Please Review Please Read FIRST BEFORE training T I Coaching as...Team-Initiated Problem Solving (TIPS II) Coaching and Implementation Horner, R., Newton, J. S., Todd, A. W., Algozzine, B., Algozzine, B., Cusumano, D. L., Preston, A. I. (2015). Team Initiated Problem Solving (TIPS II 1 “” file ...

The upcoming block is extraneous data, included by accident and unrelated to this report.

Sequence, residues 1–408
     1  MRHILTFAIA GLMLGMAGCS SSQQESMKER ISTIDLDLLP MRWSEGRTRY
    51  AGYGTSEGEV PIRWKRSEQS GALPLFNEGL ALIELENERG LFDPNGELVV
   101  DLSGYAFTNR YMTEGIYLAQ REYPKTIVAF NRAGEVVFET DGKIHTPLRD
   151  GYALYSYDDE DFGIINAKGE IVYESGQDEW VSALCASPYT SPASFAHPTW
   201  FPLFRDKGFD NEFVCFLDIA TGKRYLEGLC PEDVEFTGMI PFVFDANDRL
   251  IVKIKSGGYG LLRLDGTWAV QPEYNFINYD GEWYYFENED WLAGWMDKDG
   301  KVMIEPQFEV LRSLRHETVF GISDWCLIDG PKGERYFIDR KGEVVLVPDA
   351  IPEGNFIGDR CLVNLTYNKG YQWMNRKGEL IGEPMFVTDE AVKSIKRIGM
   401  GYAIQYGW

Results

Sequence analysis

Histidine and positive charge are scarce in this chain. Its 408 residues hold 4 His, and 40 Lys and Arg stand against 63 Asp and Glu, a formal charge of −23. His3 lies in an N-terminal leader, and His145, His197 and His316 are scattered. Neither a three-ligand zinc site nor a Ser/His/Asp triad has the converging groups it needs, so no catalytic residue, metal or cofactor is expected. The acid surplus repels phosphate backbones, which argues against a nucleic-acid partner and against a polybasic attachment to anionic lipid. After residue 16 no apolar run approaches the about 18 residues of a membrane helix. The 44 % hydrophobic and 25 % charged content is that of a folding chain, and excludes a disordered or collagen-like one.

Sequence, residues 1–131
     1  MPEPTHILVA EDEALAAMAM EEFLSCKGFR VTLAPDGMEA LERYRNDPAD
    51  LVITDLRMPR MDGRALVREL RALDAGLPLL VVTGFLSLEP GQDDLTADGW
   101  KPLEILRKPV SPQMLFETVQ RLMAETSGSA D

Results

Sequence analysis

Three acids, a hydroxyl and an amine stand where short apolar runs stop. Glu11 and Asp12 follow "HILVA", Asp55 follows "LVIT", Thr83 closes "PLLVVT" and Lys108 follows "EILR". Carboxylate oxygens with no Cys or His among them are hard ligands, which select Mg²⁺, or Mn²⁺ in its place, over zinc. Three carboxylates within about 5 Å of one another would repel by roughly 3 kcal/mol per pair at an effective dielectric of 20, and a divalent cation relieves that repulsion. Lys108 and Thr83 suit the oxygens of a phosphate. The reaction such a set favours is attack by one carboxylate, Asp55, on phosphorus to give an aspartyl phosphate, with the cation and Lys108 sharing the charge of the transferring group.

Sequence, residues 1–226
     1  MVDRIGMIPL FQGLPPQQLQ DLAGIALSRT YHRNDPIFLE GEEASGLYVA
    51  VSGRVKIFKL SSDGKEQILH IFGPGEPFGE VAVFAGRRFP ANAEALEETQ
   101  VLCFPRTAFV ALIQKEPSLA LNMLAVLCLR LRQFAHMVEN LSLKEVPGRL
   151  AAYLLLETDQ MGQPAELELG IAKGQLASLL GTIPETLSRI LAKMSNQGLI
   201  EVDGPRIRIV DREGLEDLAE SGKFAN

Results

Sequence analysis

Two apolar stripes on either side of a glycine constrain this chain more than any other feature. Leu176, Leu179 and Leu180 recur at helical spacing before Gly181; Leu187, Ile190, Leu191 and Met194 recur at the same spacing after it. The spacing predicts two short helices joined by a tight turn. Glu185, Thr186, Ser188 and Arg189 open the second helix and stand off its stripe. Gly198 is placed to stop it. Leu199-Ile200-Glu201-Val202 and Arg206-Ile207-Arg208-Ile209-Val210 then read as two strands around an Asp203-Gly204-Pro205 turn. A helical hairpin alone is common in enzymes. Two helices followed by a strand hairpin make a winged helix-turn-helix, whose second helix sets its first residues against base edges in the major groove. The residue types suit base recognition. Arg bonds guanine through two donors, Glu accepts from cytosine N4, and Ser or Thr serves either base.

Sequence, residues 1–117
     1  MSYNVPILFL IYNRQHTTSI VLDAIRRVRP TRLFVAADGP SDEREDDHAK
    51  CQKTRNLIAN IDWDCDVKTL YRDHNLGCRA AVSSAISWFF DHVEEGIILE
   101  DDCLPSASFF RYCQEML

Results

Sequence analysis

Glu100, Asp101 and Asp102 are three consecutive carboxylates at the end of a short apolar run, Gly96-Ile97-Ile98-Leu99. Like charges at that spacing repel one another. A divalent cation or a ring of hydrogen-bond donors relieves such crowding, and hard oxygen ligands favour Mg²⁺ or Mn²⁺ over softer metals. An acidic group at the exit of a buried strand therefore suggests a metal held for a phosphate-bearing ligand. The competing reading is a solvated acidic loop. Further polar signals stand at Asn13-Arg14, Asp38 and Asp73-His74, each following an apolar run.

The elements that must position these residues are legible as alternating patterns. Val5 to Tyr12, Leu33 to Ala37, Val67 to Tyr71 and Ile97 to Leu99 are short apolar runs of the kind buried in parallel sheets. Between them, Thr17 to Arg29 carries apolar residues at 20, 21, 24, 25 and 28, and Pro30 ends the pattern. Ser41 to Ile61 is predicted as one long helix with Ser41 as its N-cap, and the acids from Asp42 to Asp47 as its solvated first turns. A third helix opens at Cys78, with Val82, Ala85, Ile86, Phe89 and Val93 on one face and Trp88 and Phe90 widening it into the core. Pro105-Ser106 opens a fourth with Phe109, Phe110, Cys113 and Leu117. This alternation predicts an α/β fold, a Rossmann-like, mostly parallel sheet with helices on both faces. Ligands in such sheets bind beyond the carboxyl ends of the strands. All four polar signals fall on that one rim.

• Published on
    28-May-2018

  • View
    212

  • Download
    0

Transcript